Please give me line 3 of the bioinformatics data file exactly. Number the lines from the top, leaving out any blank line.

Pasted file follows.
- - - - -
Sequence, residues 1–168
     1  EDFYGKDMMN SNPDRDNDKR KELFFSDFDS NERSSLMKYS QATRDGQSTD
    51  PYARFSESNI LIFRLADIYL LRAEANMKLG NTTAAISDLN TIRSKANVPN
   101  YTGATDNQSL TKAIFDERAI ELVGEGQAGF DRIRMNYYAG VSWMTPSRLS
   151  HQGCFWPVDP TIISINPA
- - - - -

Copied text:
    51  PYARFSESNI LIFRLADIYL LRAEANMKLG NTTAAISDLN TIRSKANVPN